Former student leader Promise Mkwananzi said massive protests by Zimbabweans would be the only way to get rid of President Robert Mugabe and the cabal of army generals that have ensured he remained in power since 2000. He said peaceful means or the reliance on normative institutions alone would never deliver the much-needed political change in Zimbabwe.
From the look of things, winning an election will not be enough for one to govern. However, elections provide a very good basis to launch a mass uprising against Mugabe and drive him out of office for good. This is especially so if Mugabe would, despite his violent campaign still lose the election dismally, Mkwananzi said in a blog published last week. What was required was that extra push to be provided by the masses.
There is no alternative to this. This would include mass protests such as stayaways, boycotts, demonstrations etc compounded with the election defeat; such a situation will put Mugabe regime in a weaker position and will provide the international community with enough bases to pressure Mugabe to step down, Mkwananzi said.
He said the MDC-T should take advantage of disgruntlement among the rank and file of the security forces to mobilise ordinary Zimbabweans to shake the corridors of Zanu (PF) power. That is why it has become so imperative for the MDC to restore its relations with its grassroots-oriented alliances such as ZINASU (Zimbabwe National Students Union), NCA (National Constitutional Assembly), ZCTU (Zimbabwe Congress of Trade Unions) and others who will be very crucial in this seemingly impossible task, he said.
Similar calls by the MDC-T for mass action have however been crashed by the security forces, with several MDC-T and civil society leaders arrested and tortured.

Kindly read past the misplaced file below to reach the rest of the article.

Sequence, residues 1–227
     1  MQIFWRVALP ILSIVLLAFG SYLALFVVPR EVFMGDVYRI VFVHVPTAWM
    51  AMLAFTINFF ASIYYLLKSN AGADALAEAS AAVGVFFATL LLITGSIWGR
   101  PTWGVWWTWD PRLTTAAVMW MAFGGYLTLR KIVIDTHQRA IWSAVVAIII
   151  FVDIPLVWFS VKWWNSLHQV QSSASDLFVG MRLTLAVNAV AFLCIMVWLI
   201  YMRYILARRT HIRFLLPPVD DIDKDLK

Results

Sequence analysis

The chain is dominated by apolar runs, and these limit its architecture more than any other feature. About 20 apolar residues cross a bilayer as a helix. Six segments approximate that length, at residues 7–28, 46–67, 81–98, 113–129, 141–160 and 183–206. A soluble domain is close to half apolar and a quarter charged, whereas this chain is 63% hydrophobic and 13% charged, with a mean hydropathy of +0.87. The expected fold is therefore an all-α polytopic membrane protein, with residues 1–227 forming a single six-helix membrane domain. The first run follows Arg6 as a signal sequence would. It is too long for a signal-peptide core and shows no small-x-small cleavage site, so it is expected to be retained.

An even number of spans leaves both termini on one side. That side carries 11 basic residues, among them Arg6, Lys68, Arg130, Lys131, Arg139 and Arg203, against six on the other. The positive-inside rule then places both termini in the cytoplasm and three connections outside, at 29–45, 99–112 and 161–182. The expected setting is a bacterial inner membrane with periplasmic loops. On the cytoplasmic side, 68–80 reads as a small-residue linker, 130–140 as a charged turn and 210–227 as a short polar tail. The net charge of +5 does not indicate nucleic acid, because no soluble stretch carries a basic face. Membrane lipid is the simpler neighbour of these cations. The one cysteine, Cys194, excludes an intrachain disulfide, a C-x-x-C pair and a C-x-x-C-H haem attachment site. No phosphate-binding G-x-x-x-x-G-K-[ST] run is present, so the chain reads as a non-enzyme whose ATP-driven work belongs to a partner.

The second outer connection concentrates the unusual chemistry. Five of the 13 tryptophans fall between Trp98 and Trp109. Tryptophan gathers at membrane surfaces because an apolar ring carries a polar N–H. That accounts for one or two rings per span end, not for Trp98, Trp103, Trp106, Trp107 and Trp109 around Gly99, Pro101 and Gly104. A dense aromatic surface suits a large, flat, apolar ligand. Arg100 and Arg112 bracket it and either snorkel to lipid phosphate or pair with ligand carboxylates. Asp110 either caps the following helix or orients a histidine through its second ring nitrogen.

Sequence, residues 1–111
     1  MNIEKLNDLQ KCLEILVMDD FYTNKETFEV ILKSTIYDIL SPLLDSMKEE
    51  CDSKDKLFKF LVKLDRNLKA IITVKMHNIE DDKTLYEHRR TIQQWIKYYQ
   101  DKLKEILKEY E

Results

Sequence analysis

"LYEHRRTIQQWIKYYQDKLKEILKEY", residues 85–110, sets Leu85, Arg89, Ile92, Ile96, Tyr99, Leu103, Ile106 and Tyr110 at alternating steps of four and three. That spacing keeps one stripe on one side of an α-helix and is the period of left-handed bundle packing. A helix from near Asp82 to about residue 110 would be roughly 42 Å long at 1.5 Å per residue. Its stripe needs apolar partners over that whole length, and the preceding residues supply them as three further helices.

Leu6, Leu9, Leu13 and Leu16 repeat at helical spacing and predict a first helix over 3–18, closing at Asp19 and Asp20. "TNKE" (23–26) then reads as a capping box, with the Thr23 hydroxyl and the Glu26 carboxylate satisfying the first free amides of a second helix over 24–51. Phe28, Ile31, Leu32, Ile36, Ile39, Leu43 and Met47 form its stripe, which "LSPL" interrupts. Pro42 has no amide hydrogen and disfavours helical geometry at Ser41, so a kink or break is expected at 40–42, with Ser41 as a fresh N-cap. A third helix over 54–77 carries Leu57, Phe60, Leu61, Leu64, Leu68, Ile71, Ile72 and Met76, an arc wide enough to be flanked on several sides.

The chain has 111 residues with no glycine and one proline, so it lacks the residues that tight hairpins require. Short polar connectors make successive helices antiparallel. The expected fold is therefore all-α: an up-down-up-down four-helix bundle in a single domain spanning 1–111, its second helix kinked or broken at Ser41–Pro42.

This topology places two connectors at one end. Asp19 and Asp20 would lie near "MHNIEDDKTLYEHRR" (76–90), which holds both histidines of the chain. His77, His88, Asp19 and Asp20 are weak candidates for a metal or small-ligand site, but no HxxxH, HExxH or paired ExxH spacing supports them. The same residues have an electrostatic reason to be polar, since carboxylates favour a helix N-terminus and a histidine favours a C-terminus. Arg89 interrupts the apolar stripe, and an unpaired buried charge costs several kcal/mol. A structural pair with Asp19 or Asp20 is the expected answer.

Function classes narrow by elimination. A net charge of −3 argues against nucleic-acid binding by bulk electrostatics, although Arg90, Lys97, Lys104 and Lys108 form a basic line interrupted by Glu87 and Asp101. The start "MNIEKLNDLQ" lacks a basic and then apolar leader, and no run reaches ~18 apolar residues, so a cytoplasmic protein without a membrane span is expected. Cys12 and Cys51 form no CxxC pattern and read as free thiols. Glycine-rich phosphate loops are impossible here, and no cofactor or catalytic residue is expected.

Wont accept defeat
Mkwananzis comments come less than a month after Defence Minister Emmerson Mnangagwa told Zanu (PF) supporters that the party would not stand down if it loses elections many expect to be held next year. Long seen as a potential successor to Mugabe in Zanu (PF), Mnangagwa said allowing the MDC-T to rule would be the same as letting Zimbabwe slip back into the hands of neo-imperialists.
Similar remarks came in 2002 from the late army General Vitalis Zvinavashe and other security chiefs who vowed that they would not accept the results of the presidential election that year if MDC-T leader Morgan Tsvangirai won it. Zimbabwe witnessed some of the worst political violence last year after a parliamentary election that was won by the MDC-T while Tsvangirai defeated Mugabe in a parallel presidential election but with fewer votes to avoid a second round poll.
In a bid to ensure Mugabe regained the upper hand in the second round vote, Zanu (PF) militia, war veterans and security agents unleashed an orgy of violence and terror across the country, especially in rural areas most of which became no-go zones for the opposition.The MDC-T leader later withdrew from the 27 June 2008 run-off poll because of the violence which was won by Mugabe unopposed.
The MDC-T has recently reported rising tensions in Masvingo, Manicaland and Midlands provinces in particular, and civic groups warn that the country is not ready for an election as the political parties have failed to embrace national healing.Post published in: News